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  • Funded by USDA National Institute of Food and Agriculture

    The Southern Region IPM Center is located at North Carolina State University, 1730 Varsity Drive, Suite 110, Raleigh, NC 27606, and is sponsored by the United States Department of Agriculture, National Institute of Food and Agriculture.
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Stevia being explored as crop in Southeast

In Southeast Farm Press

As it stands now, there are still many questions on producing stevia in the Southeast with less than 300  acres currently planted to the crop in North Carolina. But there is a commitment and a definite interest in making stevia a viable cash crop across the Southeast.

North Carolina State University is firmly dedicated to expanding stevia production with a team of researchers working on the economics of growing stevia to varietal development to weed and disease control and more. Continue reading

Study IDs Ways to Encourage ‘Refuge’ Planting, Slowing Resistance to Bt Crops

by Matt Shipman, North Carolina State University

A new study from North Carolina State University finds a significant shortfall in the amount of “refuge” cropland being planted in North Carolina – likely increasing the rate at which crop pests will evolve the ability to safely devour genetically engineered Bt crops. However, the study also identified actions that may make farmers more likely to plant refuge crops in the future.

For about 20 years, growers have made use of Bt crops to limit crop damage from pests. Bt crops, including corn, are genetically engineered to produce proteins from the Bacillus thuringiensis (Bt) bacterium. These proteins are harmless to vertebrates, but toxic to a specific class of invertebrate crop pests. Continue reading

Department of Entomology and Plant Pathology at NC State seeks tenure-track Assistant Professor- Precision Pest Ecology

The Department of Entomology and Plant Pathology at North Carolina State University has extended the deadline for application to the position of tenure-track Assistant Professor- Precision Pest Ecology until Nov. 28 (https://jobs.ncsu.edu/postings/73753).

For this position, there is also a 40% extension component that will be required to overlap my 70% extension component in field crops. As a result, I have a vested interest in ensuring that this position is filled with an individual who will be collaborative and serve our extension stakeholders. Also, please note that while GIS skills are desirable for the research component (60%), there is no requirement that the individual possess this particular skill set. We encourage any qualified applicant to apply.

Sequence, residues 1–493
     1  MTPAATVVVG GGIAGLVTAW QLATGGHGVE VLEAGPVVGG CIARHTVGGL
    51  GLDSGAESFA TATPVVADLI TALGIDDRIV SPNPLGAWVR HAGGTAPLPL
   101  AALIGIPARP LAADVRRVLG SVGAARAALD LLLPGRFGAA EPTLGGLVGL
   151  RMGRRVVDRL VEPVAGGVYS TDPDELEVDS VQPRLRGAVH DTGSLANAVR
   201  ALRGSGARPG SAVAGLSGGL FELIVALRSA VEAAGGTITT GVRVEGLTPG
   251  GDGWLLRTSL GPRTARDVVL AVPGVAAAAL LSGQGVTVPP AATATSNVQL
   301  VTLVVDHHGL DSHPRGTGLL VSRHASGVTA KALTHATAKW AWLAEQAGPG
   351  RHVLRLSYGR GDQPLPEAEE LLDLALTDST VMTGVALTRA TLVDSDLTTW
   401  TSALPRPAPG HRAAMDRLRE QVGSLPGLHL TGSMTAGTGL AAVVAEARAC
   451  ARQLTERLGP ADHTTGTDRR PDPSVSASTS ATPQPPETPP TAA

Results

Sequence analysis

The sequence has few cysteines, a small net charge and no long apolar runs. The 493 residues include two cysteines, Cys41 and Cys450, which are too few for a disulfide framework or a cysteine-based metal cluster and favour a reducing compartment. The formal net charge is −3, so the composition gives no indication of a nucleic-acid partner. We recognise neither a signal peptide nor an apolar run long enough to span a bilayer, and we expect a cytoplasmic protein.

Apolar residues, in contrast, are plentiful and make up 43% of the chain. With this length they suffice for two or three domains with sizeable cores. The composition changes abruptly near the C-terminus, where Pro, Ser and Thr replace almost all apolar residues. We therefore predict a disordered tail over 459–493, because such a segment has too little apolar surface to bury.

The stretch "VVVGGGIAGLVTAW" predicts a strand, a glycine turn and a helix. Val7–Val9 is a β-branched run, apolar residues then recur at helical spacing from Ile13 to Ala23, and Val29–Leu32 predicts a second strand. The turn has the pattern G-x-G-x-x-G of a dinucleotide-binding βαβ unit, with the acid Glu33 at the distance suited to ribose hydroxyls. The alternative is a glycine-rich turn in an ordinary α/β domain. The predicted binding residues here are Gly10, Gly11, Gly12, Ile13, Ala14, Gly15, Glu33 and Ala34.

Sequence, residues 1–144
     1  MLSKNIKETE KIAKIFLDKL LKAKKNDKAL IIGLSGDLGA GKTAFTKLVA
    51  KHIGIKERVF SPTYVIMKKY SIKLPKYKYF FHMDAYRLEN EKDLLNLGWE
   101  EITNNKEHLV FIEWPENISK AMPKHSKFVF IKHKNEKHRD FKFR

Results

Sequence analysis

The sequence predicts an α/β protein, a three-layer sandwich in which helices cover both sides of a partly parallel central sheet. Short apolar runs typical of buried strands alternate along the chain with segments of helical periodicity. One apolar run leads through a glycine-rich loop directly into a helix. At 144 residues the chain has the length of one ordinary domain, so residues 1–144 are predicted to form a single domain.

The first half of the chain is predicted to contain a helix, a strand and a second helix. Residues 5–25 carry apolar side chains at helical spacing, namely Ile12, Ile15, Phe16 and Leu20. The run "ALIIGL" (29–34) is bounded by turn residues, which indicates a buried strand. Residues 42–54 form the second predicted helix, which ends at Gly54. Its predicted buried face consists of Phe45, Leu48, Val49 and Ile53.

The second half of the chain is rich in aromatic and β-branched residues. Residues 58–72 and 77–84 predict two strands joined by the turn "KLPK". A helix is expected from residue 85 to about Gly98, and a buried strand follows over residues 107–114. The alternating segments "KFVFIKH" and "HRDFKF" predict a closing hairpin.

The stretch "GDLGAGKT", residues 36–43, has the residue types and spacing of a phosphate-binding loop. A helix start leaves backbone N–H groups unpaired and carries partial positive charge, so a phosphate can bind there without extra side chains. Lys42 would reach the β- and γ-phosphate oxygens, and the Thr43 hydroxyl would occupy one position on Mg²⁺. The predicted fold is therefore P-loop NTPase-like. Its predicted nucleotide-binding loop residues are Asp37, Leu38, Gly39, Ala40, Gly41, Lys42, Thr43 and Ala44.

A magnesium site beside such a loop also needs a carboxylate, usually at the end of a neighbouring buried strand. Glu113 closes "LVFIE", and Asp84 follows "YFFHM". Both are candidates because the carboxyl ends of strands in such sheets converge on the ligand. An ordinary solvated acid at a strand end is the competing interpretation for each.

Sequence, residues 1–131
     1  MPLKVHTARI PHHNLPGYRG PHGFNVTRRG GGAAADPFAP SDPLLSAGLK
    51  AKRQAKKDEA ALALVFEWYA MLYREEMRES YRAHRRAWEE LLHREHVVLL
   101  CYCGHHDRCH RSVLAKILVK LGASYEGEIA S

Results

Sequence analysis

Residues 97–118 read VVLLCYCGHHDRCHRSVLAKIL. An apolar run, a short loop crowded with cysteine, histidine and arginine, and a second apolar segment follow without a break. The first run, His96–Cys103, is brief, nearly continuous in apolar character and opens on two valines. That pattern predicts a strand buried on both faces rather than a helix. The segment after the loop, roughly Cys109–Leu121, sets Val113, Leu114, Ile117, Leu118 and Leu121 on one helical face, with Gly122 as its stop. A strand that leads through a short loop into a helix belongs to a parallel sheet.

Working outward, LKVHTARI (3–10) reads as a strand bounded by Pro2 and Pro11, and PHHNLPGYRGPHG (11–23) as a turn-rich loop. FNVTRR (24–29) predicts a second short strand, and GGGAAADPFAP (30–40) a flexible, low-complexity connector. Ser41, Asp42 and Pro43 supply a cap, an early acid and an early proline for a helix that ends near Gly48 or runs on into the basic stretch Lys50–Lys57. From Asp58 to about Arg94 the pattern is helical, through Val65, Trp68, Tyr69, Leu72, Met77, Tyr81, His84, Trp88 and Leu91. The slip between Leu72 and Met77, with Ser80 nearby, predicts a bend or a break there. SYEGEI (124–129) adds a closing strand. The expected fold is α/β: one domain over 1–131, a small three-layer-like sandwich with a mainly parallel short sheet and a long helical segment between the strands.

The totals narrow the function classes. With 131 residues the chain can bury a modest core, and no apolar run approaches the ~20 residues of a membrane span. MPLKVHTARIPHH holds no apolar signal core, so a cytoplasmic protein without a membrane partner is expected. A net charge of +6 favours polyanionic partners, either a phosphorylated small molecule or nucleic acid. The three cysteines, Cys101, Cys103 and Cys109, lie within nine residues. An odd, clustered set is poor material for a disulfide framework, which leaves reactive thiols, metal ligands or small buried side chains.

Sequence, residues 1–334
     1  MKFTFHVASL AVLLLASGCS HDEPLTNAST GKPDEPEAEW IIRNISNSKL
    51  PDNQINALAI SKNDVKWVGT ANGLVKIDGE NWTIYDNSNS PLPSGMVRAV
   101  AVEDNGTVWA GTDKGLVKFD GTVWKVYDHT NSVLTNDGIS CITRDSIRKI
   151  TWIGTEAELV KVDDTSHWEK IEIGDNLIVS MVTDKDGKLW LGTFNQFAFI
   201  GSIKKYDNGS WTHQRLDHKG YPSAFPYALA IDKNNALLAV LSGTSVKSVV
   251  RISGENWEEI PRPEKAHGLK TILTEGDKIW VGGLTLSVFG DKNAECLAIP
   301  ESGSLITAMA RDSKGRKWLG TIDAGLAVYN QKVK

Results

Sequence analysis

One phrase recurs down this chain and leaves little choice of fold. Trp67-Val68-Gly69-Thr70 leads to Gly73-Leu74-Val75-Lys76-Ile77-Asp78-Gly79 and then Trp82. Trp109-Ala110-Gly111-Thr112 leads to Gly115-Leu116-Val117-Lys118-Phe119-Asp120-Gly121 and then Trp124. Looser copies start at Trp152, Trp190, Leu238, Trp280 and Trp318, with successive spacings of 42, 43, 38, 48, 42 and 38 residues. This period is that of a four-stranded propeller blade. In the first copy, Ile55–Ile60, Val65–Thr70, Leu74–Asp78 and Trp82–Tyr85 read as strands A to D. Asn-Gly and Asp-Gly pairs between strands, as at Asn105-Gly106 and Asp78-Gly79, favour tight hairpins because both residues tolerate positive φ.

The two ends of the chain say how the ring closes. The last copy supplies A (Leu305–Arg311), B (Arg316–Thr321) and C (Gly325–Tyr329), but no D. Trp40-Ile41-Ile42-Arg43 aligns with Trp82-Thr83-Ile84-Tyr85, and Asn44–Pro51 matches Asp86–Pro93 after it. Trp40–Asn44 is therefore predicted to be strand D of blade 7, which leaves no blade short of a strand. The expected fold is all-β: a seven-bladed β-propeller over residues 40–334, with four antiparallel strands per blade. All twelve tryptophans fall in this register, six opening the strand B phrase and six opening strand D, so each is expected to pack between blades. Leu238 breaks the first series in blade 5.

NC State horticulture experts work to restore the garden beauty to rain gardens

Scientists at North Carolina State University are working to keep rain gardens beautiful and functional.

Originally designed as natural water filtration systems for urban runoff, capturing and treating water coming from a roof or parking lot rather than allowing the water to flow into a storm drain, rain gardens have become scenic areas of their own. Or at least they’re supposed to be. Like other gardens, they are plagued with insects and weeds, perhaps more so because they have to endure extreme conditions and are composed of sandy soils, perfect for any weed to sprout. The weeds make the garden unsightly, and untamed weeds can even force out the preferred plants. Dr. Helen Kraus, a horticulturist at NC State University, used a $30,000 Southern Region IPM Enhancement Grant to survey common weeds in rain gardens and find control measures for them. Continue reading

NC State doctoral student wins Friends of Southern IPM Award for work on urban heat islands

A doctoral student at NC State University will receive a regional award in November for his work on urban tree integrated pest management.

NCSU Ph.D. student, Adam Dale, was one of several graduate students nominated to receive a Friends of Southern IPM Graduate Student award. The Southern IPM Center, which sponsors the award, gives one Masters award and one Ph.D. award based on the decision of an outside panel.

Continue reading

Corn growers can take steps to avoid mycotoxins

From Southeast Farm Press

The issue of mycotoxins in corn isn’t one of the most pleasant conversational topics for corn farmers, but North Carolina Extension Corn Specialist Ron Heiniger stresses that mycotoxins are a major concern in North Carolina that needs to be addressed.

“There are no good mycotoxins. We want it gone, stomped out, eliminated. It’s just like a weed in a field. There is no good weed, and the same is true about mycotoxins,” Heiniger said at a corn aflatoxin control field day held Aug. 14 at the Upper Coastal Plain Research Station’s Fountain Farm in Rocky Mount.

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Sorghum farmers concerned about anthracnose

From Southeast Farm Press

The disease of real concern to North Carolina sorghum growers is anthracnose, which has appeared every year in the state since North Carolina State University started working with the crop, according to Dr. Randy Weisz, North Carolina Extension small grains specialist.

Anthracnose is a fungal disease that is common in sorghum in this wet and humid region, Weisz said. Weisz notes that preliminary research shows that yield loss in sorghum due to anthracnose can be as high as 15 to 30 bushels per acre. NC State is conducting fungicide studies to control the disease.

Continue reading